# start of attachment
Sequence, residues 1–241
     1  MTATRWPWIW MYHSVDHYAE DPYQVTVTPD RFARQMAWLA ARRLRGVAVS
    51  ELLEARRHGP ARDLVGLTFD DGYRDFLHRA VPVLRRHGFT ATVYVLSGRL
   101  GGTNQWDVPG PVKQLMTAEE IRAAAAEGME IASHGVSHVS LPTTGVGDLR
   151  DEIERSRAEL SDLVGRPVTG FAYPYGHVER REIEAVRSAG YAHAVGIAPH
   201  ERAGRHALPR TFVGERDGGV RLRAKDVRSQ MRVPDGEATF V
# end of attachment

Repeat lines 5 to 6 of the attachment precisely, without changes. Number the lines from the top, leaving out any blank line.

   151  DEIERSRAEL SDLVGRPVTG FAYPYGHVER REIEAVRSAG YAHAVGIAPH
   201  ERAGRHALPR TFVGERDGGV RLRAKDVRSQ MRVPDGEATF V